HIDILYN Diaz, 2018 Asian Games weightlifting gold medalist, expressed her disappointment with the leadership of Samahang Weightlifting ng Pilipinas (SWP) president Monico Puentevella, a former mayor of Bacolod City.
In her letter addressed to Philippine Sports Commission (PSC) chairman William Butch Ramirez dated September 21, Diaz stated it is known that their National Sports Federation is in chaos with two associations involved.
The letter was posted on the Facebook account of Perry Mequi, former chairman of PSC.
Diaz, also a Rio Olympic silver medalist, confirmed in a phone interview Wednesday, September 26, that it was her letter that was posted on social media.
She said she submitted the letter to the PSC and the Philippine Olympic Committee.
She added she has not yet talked with Puentevella.
“I stand for Philippine Weightlifting Association as the official and recognized association by Philippine Olympic Committee. It is very sad though that we, the athletes, are struggling and suffering from this dispute. I am releasing this statement that may help enlighten the current situation of my NSA,” she said.
“It is depressing how a sports leader uses weightlifting without promoting and expanding our sports, without a strategic plan, without a long-term program for the athletes, and without integrity. Mr. Puentevella is creating further misfortune to our sport instead of upholding unity and peace should he really have or had or has the heart for weightlifting in the country. He must voluntarily do what is right. He must undergo election process if he really wants to be the president,” she added.
SWP is the national governing body for weightlifting and powerlifting in the Philippines. The president of the SWP since October 2016 is Puentevella.
Diaz said it is frustrating to witness the state of weightlifting in the country after she won in 2016 Rio Olympics.
“I expect a lot of changes in weightlifting, but sadly I saw some people who only use weightlifting for their own benefits and not for the benefits of our sports and athletes. I am very grateful because I became the pride of my sport, I thought it was enough reason to bring back weightlifting to spotlight. But I was wrong. I had to endure several personal prejudice and criticisms for different sectors. I was immediately judged ‘lumaki ang ulo’ and ‘mayabang’ (proud) just because I requested for reinstatement of Coach Antonio Agustin Jr. under the Philippine Sports Institute because he was my previous coach until he was removed in 2014,” she said.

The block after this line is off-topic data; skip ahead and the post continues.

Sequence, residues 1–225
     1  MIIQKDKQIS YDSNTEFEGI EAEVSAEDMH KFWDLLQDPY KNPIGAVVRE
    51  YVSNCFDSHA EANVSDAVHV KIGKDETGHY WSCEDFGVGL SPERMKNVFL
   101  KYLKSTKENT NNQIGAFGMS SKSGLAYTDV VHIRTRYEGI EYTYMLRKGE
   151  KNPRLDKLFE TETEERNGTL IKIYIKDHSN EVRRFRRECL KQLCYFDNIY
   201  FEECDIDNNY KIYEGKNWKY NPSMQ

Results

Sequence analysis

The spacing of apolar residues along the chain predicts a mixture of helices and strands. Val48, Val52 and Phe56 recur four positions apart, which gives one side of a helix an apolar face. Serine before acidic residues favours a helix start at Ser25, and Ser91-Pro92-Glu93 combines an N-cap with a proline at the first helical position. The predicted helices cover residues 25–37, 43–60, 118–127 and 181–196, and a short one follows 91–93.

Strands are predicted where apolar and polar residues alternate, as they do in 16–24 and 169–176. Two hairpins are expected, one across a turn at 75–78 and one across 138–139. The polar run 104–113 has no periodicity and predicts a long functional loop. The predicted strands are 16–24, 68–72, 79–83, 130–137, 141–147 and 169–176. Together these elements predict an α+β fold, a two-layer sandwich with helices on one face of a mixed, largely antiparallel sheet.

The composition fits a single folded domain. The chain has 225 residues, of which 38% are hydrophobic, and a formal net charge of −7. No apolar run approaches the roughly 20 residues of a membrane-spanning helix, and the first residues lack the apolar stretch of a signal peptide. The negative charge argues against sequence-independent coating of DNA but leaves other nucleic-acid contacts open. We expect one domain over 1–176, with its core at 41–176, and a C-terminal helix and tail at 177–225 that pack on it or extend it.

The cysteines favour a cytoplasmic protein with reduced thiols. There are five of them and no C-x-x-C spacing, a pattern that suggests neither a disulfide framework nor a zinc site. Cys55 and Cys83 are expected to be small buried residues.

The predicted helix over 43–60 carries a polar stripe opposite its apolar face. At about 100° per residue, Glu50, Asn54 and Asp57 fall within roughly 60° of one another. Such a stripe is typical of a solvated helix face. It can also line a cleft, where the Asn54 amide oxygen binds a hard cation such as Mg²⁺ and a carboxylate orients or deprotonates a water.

She added: “I want to be surrounded with positive people in my core team, I think my former coach Agustin is no longer suitable to be part of it because he is not open to the idea of working with my core team consisting of strength and conditioning, nutritionist, recovery team and sports psychologist. It is hard for me to see my coach got stuck, who helped me to be a good athlete before. But, I need to move forward and set my mind and prioritize Tokyo 2020 with this quote ‘the secret to success is innovation, you have to be different, always aspire to do more and do better,’ I cannot trap myself with him.”
In her letter, Diaz also mentioned the “palakasan system” (padrino system) of the sports officials, among others.
When will this wrongdoing stop? Diaz asked.
“Me, as the voice and face of the Philippine athletes, stand for what is right for the sport, for weightlifting, and for the athletes. I am confident that you (PSC chairman) will help me on this matter as we are doing this for the future generation,” Diaz said.
Puentevella could not be reached for a comment on Wednesday.